What about opting in? Under a public retirement system or a Section 218 agreement, some state and local government employees are covered while not paying into Social Security. These employees aren’t allowed to opt into the program.
With private retirement savings accounts, it’s totally up to you whether to contribute. Even if your employer automatically enrolls you in its 401(k) plan in an attempt to nudge you into contributing, you can un-enroll if you wish.
How Is the Money Managed?
Social Security contributions all go into one collective pot; the funds aren’t held in our individual names. We can’t decide how that money is managed. The system is set up as an intergenerational wealth transfer: The Social Security taxes the government collects from current workers pay for the benefits of current retirees.
Because different generations are different in size, this structure leads to what could be described as timing problems with paying out benefits. Taxes from the immense Baby Boomer generation comfortably supported the retirement of the relatively small Silent Generation (born between 1925 and 1945, many of those years scarred by Depression and war) and the Greatest Generation (whose members fought in World War II). With more and more Boomers reaching retirement—and the fact that Generation X, the next generation, is much smaller—it is estimated that Social Security’s reserves will be depleted by 2034, and there’s speculation about reduced benefits for future retirees. Generation Y, i.e. the Millennials, are an even larger generation than the Boomers, but it's not clear how well their financial contributions will serve to support Boomers and Generation X, and how large the next generations will be.
Depending on when you retire, how much you earned, and your marital status, you may see a better or worse return on your 'investment' in terms of getting back more or less than you contributed. Some people would prefer to have the option to save and invest that money themselves, because they think they could earn a better return; others think most people would fare worse if Social Security were privatized.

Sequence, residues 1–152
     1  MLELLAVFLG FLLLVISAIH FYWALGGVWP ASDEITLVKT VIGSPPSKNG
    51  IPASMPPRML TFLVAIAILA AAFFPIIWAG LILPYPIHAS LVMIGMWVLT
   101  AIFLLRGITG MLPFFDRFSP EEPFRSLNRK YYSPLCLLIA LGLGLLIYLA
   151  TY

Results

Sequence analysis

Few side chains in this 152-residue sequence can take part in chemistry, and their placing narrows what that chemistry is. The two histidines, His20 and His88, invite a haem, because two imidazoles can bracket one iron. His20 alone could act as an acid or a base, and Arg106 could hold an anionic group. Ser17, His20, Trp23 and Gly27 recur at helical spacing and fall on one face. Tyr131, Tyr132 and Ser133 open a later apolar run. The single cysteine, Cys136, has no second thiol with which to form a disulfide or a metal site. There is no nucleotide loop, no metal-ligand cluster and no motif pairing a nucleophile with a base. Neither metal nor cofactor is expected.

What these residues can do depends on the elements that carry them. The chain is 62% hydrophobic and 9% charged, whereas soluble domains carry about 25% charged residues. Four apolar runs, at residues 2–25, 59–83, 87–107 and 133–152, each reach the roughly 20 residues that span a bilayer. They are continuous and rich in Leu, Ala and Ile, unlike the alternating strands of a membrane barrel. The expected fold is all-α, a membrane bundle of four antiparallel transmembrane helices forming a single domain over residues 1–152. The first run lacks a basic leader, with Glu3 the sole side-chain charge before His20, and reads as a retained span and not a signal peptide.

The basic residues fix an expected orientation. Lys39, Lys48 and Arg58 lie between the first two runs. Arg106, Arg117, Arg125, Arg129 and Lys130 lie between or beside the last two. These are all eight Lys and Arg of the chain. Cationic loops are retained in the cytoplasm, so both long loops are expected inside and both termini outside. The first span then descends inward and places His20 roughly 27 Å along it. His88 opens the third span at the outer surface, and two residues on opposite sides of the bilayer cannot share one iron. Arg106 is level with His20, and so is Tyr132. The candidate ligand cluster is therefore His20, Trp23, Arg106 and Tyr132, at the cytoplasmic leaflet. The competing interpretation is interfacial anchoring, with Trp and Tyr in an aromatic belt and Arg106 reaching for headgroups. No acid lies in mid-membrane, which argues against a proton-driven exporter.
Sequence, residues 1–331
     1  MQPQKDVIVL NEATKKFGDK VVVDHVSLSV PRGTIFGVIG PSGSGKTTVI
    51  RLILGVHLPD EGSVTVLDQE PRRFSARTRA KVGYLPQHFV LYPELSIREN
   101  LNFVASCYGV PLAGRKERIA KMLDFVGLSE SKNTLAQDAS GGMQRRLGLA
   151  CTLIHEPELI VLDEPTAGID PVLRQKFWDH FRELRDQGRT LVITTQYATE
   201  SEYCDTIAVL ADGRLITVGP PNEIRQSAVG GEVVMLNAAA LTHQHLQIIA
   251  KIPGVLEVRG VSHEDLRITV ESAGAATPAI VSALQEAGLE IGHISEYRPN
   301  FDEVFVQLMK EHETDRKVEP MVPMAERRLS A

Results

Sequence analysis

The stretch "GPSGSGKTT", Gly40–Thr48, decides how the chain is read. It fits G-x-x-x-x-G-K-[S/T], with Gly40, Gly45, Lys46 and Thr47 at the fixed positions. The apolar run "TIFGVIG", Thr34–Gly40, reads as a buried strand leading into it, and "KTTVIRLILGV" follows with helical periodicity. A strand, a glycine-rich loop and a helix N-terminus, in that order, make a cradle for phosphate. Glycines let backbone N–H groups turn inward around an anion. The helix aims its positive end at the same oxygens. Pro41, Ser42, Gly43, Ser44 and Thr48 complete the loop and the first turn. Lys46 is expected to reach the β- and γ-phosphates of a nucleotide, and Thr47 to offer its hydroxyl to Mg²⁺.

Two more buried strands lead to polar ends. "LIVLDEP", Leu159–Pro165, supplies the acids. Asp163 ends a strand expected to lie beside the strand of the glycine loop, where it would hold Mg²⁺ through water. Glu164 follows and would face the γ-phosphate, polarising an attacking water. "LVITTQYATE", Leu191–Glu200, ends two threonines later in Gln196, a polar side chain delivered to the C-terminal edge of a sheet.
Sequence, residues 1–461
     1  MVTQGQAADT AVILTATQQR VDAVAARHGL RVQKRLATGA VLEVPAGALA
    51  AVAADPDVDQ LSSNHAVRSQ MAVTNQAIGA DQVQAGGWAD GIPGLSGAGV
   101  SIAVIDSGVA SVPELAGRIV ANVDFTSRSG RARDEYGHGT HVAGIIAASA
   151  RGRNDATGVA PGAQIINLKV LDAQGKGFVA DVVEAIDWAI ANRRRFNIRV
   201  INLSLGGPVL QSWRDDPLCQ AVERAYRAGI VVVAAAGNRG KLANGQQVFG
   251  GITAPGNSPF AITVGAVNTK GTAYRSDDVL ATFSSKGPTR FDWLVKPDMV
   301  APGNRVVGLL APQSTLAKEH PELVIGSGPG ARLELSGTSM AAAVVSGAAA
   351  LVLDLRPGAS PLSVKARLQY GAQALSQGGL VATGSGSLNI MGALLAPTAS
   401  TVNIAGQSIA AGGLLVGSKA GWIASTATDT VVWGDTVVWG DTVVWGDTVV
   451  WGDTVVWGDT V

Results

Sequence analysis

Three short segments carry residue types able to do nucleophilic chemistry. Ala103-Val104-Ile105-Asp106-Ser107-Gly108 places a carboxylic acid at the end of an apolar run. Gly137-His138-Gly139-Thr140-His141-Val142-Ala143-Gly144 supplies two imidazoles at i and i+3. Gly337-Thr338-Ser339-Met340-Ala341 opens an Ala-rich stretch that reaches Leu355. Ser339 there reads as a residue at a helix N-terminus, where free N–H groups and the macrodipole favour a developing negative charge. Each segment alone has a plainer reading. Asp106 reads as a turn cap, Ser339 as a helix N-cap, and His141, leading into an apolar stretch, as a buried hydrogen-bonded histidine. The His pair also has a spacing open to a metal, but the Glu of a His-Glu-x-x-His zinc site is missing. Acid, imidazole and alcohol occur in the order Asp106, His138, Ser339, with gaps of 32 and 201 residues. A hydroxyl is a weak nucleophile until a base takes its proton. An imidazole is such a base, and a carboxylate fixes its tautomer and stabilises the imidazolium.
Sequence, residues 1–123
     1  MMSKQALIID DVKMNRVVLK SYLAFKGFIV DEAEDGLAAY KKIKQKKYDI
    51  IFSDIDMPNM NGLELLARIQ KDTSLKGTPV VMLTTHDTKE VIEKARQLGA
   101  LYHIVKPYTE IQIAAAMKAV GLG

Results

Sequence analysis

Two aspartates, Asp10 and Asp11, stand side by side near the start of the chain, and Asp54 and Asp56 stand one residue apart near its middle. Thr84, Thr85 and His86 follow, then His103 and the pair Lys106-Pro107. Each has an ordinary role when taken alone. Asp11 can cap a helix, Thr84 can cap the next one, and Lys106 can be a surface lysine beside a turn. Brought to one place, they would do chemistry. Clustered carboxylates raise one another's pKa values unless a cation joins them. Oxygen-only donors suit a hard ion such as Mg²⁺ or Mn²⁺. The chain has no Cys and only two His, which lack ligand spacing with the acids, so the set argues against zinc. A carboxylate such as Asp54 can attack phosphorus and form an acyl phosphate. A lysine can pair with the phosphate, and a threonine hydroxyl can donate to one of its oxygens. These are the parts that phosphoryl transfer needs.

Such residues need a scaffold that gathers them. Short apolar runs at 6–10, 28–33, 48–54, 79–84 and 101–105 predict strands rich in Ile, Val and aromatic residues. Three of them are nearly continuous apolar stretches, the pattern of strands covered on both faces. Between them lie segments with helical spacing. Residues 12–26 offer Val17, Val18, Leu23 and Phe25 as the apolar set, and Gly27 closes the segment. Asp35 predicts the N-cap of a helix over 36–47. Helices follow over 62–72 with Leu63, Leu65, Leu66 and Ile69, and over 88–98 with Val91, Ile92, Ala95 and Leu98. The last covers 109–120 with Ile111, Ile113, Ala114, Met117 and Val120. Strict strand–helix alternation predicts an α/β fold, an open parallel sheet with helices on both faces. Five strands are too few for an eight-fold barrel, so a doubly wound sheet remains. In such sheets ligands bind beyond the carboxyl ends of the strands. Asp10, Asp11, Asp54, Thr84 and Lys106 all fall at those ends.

The Bottom Line
It's interesting to remember that the U.S. got the idea for a social-security system from 19th century Germany. That very capitalist monarchy launched an old-age social insurance program in 1889 at the behest of Chancellor Otto von Bismarck, partly to stave off radical socialist ideas being floated at the time. The original social security was actually an anti-socialist maneuver by a conservative government.
Nevertheless, because the American government plays such a dominant role in the U.S. Social Security system – deciding how much and when employees and employers pay into the system, how much individuals receive in benefits when they get them, and preventing almost everyone from opting out—it seems fair to call the Social Security program a form of socialism. The program requires workers and their employers, along with self-employed individuals, to pay into the system throughout their working years. The government controls the money they contribute, and decides when and how much they get back after—and if—they reach retirement age.